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Rendering of the restored Legacy Theatre in the Stony Creek section of Branford, opening this spring.

Over the last century it presented silent films, rock concerts, Sicilian puppet shows and even a legendary theatrical disaster from Orson Welles. But for the past two decades in the Stony Creek section of Branford, the little theater — last named the Stony Creek Puppet House — has been a boarded-up shell.

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The exterior of the theater as it has appeared since roughly the 1980s.

That is until a group of theater lovers eight years ago set out to bring the theater back to life. After community meetings, permit approvals and a years-long fundraising campaign that attracted $5 million, the newly named, nonprofit Legacy Theatre will open April 23 at 7 p.m. for a socially distant, one-quarter capacity concert by Broadway performer Telly Leung. “I’m hoping the in-person show becomes a glimmer of hope that says we’ll all be back in the theater soon,” says Leung, who has starred in the title role in Broadway’s Aladdin, as well as in In Transit, Pacific Overtures, Godspell and Allegiance. In his evening of popular and Broadway songs, Leung will be accompanied on stage by pianist Gary Adler.

The journey to completion was slow going at first, led by Keely Baisden Knudsen, an actress, director, choreographer and professor, and Stephanie Stiefel Williams, an actress and former attorney.

The Thimble Islands Road location first saw a non-denominational church in 1866. After a fire, the property was sold in 1914 when the new structure became a movie house, then a community theater (the Parish Players), then a summer theater, a parachute factory during World War II, then a home to Materna-Line (“the pantie and girdle that’s a stretch ahead”) until 1960. For the remainder of the 20th century it was a puppet museum that presented puppet shows.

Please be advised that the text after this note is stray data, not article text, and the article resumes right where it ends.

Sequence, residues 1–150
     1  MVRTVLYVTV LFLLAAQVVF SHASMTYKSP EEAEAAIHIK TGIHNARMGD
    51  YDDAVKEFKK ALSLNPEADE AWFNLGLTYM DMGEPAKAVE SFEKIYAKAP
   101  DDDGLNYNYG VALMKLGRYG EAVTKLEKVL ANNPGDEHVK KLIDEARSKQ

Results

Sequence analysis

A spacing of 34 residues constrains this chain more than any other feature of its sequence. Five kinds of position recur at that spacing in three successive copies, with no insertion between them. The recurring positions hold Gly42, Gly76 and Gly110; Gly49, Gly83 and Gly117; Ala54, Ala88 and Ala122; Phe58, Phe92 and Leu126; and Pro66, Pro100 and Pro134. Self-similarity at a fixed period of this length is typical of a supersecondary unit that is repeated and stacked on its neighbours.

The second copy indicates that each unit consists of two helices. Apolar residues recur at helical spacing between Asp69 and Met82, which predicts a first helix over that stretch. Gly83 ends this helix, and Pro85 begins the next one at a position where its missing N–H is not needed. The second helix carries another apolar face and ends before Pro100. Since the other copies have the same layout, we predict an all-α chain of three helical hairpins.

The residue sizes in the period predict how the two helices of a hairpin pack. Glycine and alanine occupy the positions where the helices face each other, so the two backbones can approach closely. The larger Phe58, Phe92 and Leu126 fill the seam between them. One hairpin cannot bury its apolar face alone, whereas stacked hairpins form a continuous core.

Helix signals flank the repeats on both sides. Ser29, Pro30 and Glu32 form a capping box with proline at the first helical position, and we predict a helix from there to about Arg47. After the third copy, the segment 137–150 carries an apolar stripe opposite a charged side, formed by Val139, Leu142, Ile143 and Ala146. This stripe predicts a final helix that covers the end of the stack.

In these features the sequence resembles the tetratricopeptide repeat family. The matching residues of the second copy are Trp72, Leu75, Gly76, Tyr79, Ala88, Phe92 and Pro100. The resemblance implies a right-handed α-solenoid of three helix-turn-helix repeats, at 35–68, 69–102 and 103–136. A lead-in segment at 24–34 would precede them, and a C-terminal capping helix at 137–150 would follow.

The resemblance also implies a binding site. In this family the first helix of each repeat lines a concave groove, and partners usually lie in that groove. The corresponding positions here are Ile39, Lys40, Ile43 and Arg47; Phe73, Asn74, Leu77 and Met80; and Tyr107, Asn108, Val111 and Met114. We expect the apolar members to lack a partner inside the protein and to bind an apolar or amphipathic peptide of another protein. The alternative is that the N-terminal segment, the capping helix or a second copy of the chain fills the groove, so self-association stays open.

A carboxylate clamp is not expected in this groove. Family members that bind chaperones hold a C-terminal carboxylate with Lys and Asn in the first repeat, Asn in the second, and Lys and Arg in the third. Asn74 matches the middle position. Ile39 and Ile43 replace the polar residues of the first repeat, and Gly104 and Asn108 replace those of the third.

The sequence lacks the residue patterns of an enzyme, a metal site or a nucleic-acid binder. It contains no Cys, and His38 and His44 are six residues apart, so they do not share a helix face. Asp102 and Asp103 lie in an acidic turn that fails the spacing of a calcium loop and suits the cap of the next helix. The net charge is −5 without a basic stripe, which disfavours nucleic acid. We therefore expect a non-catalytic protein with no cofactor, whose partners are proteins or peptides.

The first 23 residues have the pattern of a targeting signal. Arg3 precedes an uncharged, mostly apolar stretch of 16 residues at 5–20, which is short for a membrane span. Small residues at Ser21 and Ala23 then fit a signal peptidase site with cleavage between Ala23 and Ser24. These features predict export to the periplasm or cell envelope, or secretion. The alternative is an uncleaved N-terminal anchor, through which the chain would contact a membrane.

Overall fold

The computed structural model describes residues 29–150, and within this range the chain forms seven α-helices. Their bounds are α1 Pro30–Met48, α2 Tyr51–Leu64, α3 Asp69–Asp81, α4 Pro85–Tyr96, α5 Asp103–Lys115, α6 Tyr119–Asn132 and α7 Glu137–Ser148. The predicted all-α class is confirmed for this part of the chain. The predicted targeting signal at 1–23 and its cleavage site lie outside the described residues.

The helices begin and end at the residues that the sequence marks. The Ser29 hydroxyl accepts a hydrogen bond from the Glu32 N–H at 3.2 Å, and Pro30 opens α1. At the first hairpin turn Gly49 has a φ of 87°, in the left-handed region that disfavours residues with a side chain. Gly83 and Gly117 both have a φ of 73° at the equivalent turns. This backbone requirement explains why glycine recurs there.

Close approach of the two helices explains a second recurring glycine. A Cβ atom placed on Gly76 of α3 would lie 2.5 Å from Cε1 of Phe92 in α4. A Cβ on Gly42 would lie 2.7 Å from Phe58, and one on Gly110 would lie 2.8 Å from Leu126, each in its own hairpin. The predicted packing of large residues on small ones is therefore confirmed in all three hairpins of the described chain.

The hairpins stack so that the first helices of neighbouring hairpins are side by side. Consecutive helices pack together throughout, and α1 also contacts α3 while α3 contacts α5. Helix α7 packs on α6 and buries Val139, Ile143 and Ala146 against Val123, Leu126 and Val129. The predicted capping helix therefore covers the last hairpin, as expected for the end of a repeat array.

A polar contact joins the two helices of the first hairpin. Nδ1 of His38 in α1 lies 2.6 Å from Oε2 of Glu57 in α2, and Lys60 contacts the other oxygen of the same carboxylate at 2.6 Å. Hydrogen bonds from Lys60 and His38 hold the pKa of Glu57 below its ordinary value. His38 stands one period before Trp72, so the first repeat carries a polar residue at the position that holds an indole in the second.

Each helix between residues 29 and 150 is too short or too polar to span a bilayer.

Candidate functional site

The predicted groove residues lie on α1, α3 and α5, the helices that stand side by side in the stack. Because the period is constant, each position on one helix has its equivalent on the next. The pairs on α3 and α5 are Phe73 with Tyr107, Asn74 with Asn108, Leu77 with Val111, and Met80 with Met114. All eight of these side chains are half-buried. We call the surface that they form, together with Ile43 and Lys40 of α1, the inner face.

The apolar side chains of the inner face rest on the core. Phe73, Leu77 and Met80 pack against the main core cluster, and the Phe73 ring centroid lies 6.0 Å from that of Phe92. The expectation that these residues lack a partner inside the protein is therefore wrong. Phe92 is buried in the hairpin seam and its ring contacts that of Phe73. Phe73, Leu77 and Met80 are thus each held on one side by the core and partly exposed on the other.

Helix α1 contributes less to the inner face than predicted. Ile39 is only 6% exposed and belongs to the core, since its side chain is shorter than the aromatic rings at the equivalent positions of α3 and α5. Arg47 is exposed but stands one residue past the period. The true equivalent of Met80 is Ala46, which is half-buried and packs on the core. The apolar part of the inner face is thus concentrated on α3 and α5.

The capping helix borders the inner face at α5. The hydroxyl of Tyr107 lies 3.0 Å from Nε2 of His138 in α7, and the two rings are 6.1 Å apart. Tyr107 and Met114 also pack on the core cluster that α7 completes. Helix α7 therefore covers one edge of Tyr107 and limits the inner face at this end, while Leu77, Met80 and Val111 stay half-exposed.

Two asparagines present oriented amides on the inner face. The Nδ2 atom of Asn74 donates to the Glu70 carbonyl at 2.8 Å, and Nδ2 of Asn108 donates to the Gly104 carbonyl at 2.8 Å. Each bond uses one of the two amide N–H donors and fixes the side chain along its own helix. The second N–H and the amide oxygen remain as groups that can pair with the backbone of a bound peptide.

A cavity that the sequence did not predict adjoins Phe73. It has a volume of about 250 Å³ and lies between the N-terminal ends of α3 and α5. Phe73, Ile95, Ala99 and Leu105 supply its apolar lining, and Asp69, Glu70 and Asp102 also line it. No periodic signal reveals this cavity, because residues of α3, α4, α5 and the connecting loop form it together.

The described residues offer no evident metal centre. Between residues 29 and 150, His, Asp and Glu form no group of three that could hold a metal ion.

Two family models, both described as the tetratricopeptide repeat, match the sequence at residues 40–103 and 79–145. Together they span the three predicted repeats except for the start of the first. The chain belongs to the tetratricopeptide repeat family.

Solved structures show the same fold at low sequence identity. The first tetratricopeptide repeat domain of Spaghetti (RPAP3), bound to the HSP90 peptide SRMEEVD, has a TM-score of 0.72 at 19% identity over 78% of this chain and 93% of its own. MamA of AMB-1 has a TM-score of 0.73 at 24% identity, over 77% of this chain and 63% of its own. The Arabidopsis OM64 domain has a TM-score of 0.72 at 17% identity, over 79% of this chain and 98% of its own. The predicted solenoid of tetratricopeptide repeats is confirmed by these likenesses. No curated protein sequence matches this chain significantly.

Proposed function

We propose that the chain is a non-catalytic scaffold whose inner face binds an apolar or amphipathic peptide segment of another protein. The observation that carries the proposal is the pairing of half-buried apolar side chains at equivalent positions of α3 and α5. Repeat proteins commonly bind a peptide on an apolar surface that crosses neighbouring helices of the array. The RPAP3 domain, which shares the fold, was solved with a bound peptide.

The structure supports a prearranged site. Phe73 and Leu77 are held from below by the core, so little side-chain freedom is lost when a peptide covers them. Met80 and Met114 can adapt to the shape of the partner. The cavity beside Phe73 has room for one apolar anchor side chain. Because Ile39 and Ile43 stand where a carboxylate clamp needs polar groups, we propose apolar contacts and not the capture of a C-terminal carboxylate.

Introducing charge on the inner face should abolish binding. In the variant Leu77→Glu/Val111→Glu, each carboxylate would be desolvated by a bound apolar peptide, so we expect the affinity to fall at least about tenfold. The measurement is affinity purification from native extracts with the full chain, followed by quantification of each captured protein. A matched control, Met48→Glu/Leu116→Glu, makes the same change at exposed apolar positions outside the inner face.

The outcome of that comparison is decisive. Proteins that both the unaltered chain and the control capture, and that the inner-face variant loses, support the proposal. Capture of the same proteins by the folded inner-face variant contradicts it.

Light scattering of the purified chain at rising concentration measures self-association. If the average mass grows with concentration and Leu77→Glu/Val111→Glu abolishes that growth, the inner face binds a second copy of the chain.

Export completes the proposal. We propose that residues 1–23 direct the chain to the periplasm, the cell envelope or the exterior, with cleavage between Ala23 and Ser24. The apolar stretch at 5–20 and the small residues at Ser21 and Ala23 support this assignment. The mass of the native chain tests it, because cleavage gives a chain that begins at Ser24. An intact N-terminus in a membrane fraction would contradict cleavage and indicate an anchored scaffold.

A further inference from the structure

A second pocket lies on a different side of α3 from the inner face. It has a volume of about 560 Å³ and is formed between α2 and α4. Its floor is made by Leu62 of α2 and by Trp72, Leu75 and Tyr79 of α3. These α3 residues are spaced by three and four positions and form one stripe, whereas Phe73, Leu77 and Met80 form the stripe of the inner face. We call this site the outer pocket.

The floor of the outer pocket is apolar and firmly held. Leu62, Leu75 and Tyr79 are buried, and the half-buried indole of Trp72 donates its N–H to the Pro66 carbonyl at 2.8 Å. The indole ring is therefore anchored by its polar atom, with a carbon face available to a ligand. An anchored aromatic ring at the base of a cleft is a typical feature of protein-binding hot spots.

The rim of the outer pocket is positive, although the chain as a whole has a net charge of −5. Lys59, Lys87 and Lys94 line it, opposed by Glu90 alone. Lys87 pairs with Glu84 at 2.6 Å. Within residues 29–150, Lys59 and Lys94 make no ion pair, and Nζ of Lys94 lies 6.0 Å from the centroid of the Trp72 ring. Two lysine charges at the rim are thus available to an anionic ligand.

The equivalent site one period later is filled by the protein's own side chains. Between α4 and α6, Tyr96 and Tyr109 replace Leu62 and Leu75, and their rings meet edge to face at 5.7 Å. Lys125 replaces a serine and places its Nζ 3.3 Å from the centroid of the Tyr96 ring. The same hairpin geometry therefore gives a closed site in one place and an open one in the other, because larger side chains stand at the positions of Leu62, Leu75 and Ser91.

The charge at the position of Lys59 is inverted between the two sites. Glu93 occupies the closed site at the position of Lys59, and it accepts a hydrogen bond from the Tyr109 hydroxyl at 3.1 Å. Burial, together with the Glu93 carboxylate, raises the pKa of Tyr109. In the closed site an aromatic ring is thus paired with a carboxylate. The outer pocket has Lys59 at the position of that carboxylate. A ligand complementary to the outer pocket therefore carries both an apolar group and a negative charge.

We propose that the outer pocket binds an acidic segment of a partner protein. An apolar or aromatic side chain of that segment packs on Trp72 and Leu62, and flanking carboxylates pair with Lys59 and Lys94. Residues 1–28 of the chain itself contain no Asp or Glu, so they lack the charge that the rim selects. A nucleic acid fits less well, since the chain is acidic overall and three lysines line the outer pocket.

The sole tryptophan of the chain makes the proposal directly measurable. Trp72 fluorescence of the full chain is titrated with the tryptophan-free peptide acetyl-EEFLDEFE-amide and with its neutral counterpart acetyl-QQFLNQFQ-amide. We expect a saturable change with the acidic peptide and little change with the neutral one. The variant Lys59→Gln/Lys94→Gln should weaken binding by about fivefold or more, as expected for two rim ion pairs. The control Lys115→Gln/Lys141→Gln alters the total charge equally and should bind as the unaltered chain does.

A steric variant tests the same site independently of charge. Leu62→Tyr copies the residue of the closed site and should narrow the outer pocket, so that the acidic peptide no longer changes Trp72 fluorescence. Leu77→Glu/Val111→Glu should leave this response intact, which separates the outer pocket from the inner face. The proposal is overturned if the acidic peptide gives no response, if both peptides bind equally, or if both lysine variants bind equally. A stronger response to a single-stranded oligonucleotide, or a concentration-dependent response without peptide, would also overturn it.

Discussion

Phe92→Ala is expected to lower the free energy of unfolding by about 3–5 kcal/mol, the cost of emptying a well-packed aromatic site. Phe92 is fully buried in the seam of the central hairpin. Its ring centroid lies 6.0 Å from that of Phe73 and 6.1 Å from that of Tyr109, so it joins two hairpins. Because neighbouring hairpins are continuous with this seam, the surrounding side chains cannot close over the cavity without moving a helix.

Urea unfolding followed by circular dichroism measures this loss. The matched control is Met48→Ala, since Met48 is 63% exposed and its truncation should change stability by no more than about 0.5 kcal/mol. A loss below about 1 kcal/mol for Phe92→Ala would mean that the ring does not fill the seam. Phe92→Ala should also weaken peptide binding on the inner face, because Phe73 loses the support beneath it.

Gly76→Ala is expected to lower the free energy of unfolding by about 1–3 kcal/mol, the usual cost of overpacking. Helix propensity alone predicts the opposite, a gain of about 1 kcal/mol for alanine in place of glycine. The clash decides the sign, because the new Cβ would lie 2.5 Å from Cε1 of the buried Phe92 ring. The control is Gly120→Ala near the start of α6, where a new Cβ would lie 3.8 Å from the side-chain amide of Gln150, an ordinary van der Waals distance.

After purchasing the building and its adjacent artist cottage for $400,000 in 2013, the team set out to ease concerns from residents of the quiet neighborhood about what they would be presenting — and what kind of audiences the theater would attract. Reassurance was given there would be no rock concerts or dubious rentals. Concerns about parking were remedied with a shuttle service to a commuter lot off nearby I-95.

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Rendering of a balcony-seat view of the restored Legacy Theatre in the Stony Creek section of Branford, opening this spring.

In 2017 the final town permits were secure and fundraising began in earnest, buoyed by designs of a clean, wood-lined interior and a spiffed-up exterior. Renovations began in 2019 with the inside of the building gutted while the outside retained his historic facade. The pandemic slowed construction but also allowed for adjustments, such a state-of-the-art HVAC system and a back-of-house area for recording and live-streaming. The end result was a proscenium-stage theater with the audience on risers with a 127-seat capacity. The Legacy is expected to operate with an Actors’ Equity Association contract for a small professional theater.